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Here we write some random thoughts and articles about software development: Java, Grails, Node.js, iPhone, iPad and more.

Resolving problem with SSL certificates in OpenJDK

When configuring new server at linode hosting I decided to try to use OpenJDK to run Tomcat. The system I installed was Debian Lenny.

It all went smoothly and I didn’t have any problems, until I tried to deploy application using Facebook API. I immediately have faced a problem when trying to login using Facebook – peer not authenticated.

Application was based on Grails and used HTTPBuilder to do requests. It uses Apache HttpClient under the hood.

Googling revealed some workarounds for the problem, but they all required hacking some additional code to override SSL certificates validity checks. The matter was that the same exception appeared when one tried to connect to server with self-signed certificate.

However it wasn’t the case for me as Facebook’s certificate wasn’t self-sgned of course :) So I dug further. It turned out that for some reason OpenJDK in Debian Lenny was installed without any CA (certificate authorities). Also it looked like Debian Squeeze solves this problem.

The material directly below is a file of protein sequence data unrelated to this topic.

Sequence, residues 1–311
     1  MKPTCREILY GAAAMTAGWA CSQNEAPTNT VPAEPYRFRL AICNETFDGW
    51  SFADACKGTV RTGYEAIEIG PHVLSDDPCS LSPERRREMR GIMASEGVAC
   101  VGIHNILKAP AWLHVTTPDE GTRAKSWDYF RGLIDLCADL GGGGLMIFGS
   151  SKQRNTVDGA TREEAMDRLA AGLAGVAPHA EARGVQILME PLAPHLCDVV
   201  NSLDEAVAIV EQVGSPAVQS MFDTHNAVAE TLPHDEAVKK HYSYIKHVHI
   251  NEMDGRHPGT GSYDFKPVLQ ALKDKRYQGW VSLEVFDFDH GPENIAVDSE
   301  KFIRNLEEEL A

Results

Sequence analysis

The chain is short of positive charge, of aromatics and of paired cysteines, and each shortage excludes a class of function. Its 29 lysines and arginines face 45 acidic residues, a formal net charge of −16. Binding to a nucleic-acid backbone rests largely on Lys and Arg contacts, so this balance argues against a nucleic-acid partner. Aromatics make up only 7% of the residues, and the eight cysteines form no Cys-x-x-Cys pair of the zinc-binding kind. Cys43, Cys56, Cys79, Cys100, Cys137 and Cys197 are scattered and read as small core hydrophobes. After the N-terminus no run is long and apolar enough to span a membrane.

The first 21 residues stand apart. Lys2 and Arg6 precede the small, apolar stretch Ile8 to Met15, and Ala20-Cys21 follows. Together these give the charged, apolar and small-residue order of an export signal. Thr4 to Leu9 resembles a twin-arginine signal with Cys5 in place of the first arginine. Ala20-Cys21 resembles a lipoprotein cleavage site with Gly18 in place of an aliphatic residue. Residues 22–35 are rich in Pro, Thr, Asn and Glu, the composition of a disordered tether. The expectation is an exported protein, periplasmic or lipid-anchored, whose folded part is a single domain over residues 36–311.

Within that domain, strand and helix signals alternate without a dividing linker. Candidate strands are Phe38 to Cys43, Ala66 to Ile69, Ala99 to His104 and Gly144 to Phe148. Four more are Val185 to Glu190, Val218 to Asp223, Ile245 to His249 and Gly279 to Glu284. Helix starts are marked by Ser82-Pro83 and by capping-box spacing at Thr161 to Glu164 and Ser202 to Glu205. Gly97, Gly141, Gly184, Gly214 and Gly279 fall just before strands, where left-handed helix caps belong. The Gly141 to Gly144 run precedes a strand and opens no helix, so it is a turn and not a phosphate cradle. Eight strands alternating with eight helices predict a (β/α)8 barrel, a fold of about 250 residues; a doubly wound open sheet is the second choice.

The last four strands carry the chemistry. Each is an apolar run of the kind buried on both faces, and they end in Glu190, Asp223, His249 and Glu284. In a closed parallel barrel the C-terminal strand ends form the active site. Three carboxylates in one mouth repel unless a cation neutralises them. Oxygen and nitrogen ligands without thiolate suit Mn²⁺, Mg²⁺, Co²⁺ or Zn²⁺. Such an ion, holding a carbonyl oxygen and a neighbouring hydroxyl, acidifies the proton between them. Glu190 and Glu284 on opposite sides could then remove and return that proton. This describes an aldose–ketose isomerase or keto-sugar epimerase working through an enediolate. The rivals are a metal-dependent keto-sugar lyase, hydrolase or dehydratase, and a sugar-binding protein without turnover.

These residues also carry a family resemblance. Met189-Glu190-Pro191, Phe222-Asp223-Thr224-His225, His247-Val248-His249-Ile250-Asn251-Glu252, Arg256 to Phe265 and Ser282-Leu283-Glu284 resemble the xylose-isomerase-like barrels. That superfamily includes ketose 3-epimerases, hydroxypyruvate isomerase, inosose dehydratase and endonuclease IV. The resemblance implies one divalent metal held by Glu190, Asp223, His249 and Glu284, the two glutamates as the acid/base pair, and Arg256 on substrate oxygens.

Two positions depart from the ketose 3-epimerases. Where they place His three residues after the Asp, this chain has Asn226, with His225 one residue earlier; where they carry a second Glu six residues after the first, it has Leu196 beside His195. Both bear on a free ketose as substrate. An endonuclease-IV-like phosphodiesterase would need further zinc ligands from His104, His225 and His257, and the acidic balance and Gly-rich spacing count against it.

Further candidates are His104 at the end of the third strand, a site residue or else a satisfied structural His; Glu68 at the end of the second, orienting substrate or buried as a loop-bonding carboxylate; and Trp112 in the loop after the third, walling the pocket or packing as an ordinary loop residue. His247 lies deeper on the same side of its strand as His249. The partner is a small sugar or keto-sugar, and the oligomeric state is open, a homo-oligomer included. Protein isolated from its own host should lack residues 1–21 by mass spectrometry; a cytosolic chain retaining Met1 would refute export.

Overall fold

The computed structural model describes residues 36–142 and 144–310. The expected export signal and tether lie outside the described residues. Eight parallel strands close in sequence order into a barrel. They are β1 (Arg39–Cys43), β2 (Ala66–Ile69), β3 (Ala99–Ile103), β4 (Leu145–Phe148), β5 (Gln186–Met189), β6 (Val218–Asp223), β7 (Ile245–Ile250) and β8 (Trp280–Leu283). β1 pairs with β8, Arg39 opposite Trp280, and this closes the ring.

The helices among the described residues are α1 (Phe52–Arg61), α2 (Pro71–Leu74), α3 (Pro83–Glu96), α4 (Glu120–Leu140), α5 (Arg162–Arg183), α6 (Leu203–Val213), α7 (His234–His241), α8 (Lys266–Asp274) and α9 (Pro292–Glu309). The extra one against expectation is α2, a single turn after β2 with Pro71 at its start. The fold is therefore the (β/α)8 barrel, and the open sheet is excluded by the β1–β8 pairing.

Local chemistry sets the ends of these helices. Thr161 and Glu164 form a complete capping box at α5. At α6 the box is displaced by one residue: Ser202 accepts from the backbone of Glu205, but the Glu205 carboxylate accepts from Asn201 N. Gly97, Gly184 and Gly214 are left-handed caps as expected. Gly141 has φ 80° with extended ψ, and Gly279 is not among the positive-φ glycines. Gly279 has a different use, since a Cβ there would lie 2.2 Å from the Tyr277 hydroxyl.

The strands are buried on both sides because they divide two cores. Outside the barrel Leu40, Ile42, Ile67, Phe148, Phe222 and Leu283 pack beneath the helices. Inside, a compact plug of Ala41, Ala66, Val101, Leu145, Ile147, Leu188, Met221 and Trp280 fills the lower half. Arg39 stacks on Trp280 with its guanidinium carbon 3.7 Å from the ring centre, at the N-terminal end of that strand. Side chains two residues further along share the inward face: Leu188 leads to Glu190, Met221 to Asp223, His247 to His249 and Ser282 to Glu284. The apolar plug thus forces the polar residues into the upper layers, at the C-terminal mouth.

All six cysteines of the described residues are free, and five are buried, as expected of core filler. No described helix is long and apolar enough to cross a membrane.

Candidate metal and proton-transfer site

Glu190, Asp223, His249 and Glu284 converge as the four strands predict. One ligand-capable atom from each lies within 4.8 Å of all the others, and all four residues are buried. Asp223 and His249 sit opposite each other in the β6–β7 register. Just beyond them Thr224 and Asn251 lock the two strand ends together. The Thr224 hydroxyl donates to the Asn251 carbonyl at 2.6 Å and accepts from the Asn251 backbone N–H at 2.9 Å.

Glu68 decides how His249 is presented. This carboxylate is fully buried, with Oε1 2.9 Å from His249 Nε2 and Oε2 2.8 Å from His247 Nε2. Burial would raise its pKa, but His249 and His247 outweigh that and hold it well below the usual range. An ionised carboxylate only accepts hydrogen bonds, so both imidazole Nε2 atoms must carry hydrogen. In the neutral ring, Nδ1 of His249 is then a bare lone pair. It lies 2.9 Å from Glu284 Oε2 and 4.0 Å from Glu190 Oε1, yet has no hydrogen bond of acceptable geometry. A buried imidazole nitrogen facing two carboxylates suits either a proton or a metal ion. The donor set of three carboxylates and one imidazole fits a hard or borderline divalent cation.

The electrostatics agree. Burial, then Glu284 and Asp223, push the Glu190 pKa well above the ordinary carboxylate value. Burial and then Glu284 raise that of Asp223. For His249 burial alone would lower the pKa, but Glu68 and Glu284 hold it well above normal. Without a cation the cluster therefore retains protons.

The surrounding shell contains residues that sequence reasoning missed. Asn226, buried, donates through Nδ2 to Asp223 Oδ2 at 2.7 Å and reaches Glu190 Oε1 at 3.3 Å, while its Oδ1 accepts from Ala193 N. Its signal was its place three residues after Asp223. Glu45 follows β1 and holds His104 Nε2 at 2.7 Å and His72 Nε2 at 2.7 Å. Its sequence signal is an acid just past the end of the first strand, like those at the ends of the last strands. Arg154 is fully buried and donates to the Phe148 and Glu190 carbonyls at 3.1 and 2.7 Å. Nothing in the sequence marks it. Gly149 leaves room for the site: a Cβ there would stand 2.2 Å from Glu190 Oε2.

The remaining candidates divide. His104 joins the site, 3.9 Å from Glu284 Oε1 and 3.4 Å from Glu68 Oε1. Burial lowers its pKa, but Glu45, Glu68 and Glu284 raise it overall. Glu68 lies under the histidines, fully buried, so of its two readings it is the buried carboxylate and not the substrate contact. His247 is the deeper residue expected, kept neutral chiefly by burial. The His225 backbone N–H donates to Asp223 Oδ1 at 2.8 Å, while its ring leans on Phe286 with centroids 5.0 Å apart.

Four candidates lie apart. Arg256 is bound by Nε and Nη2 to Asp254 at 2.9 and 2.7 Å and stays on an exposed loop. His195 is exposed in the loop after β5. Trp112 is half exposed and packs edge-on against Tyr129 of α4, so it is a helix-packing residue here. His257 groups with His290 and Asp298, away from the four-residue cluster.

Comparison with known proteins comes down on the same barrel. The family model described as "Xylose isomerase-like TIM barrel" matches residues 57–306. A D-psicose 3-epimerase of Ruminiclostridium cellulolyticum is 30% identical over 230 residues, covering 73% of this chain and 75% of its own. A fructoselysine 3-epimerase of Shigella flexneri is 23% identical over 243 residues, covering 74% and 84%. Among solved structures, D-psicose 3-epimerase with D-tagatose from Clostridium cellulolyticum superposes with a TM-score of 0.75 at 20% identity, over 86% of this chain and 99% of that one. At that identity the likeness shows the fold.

So the solution for Debian Lenny is simple – download and install appropriate packages from Squeeze . Good news is that certificates come in their own packages:

wget ""
sudo dpkg -i ca-certificates_20090814+nmu2_all.deb
wget ""
sudo dpkg -i ca-certificates-java_20100412_all.deb

ca-certificates is available in Lenny, but it needs to be updated as a dependency to ca-certificates-java

Hosting Grails web applications using Tomcat and Nginx (our configuration)


To host Grails web application Apache Tomcat is quite a natural choice. However a big part of what is served are just static files (images, CSS, javascript code) or rarely changed pages. Using Tomcat to serve all that stuff would be a waste of resources, especially when running on small VPS like we do.